Offseason crucial for Lions to continue success in 2015
Even though they couldn’t put an end to their long-standing playoff miseries, the Detroit Lions took an impressive step forward this season.
In many ways, it was similar to what happened in 2011. A double-digit win season, a wildcard bid and then an opening-round loss on the road in the postseason.
The question is whether this is legitimate progress that will be sustainable, or just a one-season, feel-good aberration like the last time.
"It’s going to be important for us next year to not take a step back," linebacker DeAndre Levy said. "We were in the playoffs a couple years ago and then weren’t the same team the next year."
The Lions went from 10-6 with expectations rising back to 4-12 in 2012, which was followed by another losing season.
Jim Caldwell came in as coach about a year ago at this time and quickly helped reenergize the entire organization.
They overcame laughable kicking woes early, along with several key injuries. They had some good fortune to win three straight games by a combined total of six points around midseason and carried that momentum into the final week.
A loss at Green Bay then deprived them of a division title, opening-round bye and a home playoff game.
Those things are going to happen when you’re in the same division as Aaron Rodgers.
While the Lions came up short in many ways, they delivered a lot of excitement, especially with their knack for pulling off fourth-quarter comebacks.
Caldwell believes "the foundation has been laid," setting them up for greater success down the road.
He was impressed with the improvement made in turnover ratio — from minus-14 in 2013 to plus-seven — and also with fewer dropped passes than in recent years.
Another year of familiarity in this offensive system, run by first-time coordinator Joe Lombardi, could make a big difference.
As for the surprising defense, which was among the best in the league, "We improved in almost every single category across the board," Caldwell said.
So, yes, there are a lot of positive vibes coming out of this season, despite blowing a 14-0 lead and losing 24-20 Sunday at Dallas.
The offseason becomes crucial in making certain this keeps moving forward. That’s where the pressure shifts from the players and coaches to general manager Martin Mayhew and president Tom Lewand.
As Caldwell pointed out, "Your team changes about 35 percent in this league in a given year."
After their 2011 playoff season, the Lions chose to bring back most of their roster, rather than try to upgrade in some questionable areas, and that move backfired.
This year, they face a potentially team-altering free-agency scenario with All-Pro defensive tackle Ndamukong Suh looking for a mammoth new contract.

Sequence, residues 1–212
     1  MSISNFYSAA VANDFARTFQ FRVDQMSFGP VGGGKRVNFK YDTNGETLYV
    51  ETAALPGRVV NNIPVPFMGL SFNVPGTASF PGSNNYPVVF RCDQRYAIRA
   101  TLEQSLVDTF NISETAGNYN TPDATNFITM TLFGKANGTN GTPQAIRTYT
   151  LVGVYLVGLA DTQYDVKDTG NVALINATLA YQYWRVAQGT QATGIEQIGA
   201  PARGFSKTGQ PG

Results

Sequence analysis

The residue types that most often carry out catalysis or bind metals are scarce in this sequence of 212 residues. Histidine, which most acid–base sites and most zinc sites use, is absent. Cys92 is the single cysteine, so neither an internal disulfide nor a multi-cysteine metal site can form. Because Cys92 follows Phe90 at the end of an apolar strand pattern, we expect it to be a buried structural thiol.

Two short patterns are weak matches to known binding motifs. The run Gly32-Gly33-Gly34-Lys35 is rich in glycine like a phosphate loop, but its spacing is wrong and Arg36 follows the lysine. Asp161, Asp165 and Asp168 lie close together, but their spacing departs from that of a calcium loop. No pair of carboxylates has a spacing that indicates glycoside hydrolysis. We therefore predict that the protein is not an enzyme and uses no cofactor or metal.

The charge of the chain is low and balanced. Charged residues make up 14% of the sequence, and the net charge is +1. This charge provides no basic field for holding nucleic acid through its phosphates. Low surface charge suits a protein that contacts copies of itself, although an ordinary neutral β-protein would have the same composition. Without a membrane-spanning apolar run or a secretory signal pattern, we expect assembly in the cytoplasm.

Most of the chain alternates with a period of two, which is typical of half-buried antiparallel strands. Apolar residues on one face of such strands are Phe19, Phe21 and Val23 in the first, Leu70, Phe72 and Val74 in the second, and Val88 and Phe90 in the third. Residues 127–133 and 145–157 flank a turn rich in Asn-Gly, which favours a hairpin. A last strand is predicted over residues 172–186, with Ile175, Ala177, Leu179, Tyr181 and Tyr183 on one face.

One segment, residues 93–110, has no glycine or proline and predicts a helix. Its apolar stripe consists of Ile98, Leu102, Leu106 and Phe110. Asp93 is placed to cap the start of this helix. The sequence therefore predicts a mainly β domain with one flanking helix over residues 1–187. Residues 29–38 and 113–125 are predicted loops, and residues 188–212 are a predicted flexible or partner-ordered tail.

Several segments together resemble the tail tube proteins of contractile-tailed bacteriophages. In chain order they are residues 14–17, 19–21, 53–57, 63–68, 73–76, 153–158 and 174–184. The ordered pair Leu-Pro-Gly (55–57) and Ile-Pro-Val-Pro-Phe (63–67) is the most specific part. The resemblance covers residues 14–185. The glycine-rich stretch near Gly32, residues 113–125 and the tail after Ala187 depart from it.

If they lose Suh, the impact on the defense will be substantial, perhaps too much to overcome next season.
"The success starts up front," teammate Andre Fluellen said. "Up front starts with him."
With the season over, the Lions undoubtedly will make another strong push to try to re-sign Suh before he hits the free-agent market in March, but the assumption is that he’s going to shop for the best price.
Caldwell said of Suh’s status, "That will continue to be one of our highest priorities. That’s going to be addressed constantly here until we come to some conclusion. He’s a dominant, dominant player."
Another major concern defensively is whether first-year coordinator Teryl Austin will return.
Austin is on the fast track to a head-coaching job, with Atlanta, San Francisco and Buffalo already having expressed interest.
"He’s deserving of an opportunity and I hope that happens," Caldwell said. "If that does indeed happen, we’ll be alright."
There are many other questions that have to be answered, too.
Defensive tackle Nick Fairley, like Suh, is a free agent. If both of them leave, the Lions will have to totally rebuild the middle of their defensive line, the heart and soul of their team, either through free agency or the draft.
Running back Reggie Bush, who turns 30 in a couple months, has two years remaining on his contract, but there’s speculation he could be a salary-cap casualty coming off an injury-plagued season.
The offensive line certainly needs to be addressed after a disappointing season in which quarterback Matthew Stafford was sacked a career-high 45 times.
Will the Lions bring back center Dominic Raiola for his 15th season, and guard Rob Sims for his 10th? Will they try to upgrade at right tackle?
How Mayhew addresses these issues, along with many others, will be revealing during a crucial offseason for the direction of this team.
If they lose Suh and Austin, but improve the offensive line, it would not be surprising for the offense to be back to carrying the defense again.
There’s a fine line between success and failure in the NFL, and the Lions are still walking it.
"The season’s over, it’s tough to swallow," receiver Golden Tate said. "But, hey, the Detroit Lions are not done. This could be the start of something great."
Only if they make the right roster moves this offseason.